Old German Herding Dogs is an umbrella term for a group of working/herding dogs from (wait for it), Germany!
Before the late 19th century, any dog that herded and protected sheep in Germany was referred to as an Old German Herding Dog, or German shepherd dog. This changed in 1899 when a formal breed was established by the Society for the German Shepherd Dog (also seen as the German Shepherd Association), a group some readers may recognize as the English translation of the Verein für deutsche Schäferhunde, the club founded by Arthur Meyer and his colleague, Max von Stephanitz of German Shepherd Dog fame.
Our post, however, is not about that fine breed, the GSD, but rather, one of the other “Old German herding dogs,” the Westerwälder Cow Dog. This canine showed up on our radar when we idly revisited the website for The Society for the Conservation of Old and Endangered Livestock Breeds. Back in 2003, the Society had identified the German Pinscher as the Endangered Breed of the Year, and we wondered what canine breed, if any, had taken the Pinscher’s place eighteen years later. Enter the Westerwälder Cow Dog.
Back in the day, the average German family kept seven to ten cows, and by law, they were all kept in the community herd. After the morning milking, the cows grazed until they were full, then moved to an area where they could chew their cuds, quench their thirst from a water tank, and then head back in the afternoon to the best grass in town. It was good to be a cow in those days.
One cowherdsman and his helper tended the cows, and for seven hundred years, one or two Westerwälder Cowdogs helped them control the herds. Not the same one or two cowdogs, mind you, but dogs the herdsmen bred over time to work cattle in the wet and windy mountains (note to reader, that was humor that just happened). There is written documentation about the use of these cattle-herding dogs in the Westerwäld and Siegen regions dating back to the 15th century: The Nassausch Weisthum, a collection of ancient customary rights written in 1465, described the dogs that worked with cows, and only cows because their nip on a nose or heel was unsuitable for any other type of livestock. This fact makes the Westerwälder Cow Dog one of the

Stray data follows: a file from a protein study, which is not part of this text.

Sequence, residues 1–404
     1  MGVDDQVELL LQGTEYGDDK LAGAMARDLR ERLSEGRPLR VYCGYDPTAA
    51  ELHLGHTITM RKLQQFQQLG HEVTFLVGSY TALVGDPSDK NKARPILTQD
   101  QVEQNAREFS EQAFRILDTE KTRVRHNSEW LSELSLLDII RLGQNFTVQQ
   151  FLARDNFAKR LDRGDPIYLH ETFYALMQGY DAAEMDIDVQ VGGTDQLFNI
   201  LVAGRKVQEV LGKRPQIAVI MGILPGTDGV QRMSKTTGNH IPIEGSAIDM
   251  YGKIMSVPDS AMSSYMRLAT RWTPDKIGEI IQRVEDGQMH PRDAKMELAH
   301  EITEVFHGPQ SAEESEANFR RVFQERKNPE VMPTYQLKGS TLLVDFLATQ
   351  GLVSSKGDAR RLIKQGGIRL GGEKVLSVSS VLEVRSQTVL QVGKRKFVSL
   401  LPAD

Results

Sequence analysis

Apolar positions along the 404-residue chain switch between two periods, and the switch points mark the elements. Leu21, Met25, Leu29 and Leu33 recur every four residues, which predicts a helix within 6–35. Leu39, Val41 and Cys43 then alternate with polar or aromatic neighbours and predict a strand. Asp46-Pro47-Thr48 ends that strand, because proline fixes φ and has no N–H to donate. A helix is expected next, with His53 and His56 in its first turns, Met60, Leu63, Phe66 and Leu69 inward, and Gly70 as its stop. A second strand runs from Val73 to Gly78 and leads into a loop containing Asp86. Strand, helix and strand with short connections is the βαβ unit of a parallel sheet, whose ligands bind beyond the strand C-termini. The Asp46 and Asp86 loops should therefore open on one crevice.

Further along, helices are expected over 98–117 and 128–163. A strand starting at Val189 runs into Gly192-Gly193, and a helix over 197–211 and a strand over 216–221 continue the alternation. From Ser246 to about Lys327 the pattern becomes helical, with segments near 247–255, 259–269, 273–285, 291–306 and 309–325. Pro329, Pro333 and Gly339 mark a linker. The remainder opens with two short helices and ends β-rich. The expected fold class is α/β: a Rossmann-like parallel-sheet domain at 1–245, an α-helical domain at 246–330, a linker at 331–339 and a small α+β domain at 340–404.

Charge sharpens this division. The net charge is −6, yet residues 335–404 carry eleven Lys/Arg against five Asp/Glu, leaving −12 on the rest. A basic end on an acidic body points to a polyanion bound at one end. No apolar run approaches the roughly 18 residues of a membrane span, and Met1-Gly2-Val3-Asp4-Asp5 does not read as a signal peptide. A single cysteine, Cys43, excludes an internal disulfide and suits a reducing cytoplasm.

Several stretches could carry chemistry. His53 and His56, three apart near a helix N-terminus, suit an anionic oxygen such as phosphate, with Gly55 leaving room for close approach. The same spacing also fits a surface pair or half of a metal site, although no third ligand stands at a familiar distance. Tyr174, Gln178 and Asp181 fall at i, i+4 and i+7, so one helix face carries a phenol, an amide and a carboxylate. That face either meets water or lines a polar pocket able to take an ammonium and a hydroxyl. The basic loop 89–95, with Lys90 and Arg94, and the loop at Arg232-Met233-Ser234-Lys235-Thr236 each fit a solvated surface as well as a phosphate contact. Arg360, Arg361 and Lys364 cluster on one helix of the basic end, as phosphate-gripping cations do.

oldest dogs of which there is written record in Germany.
Possessed with great stamina and a strong protective instinct, these intelligent, assertive, but loving dogs were indispensable to a cowherder. Sadly, only a few of these dogs are left in Germany today. A breeding stock of about 30-50 adult dogs (along with about 100 crosses) is all that is left of a tradition that is older than most of the better known herding breeds today. Indeed, Germany’s Society for the Preservation of Old and Endangered Pet Breeds also lists the Westerwälder Cow Dog as extremely endangered and has added it to its Red List.
To our knowledge, the breed isn’t recognized by any kennel club or registry, possibly because no one ever pursued it, or perhaps because some consider the Westerwälder to be a landrace. In staring at scores of photos of the dogs, however, we see phenotypic uniformity, and have read descriptions of work style and temperament that suggest dogs that breed true, and have for hundreds of years. Also, some of you may be looking at the photos and wondering about these dogs’ similarity to other breeds. Indeed, many people do believe that the Westerwälder Cow Dog is behind several of the herding breeds we know today.
Image of a pair of Westerwäld Cow Dogs by Dr. Wolfgang Rost appears here under a GNU Free Documentation License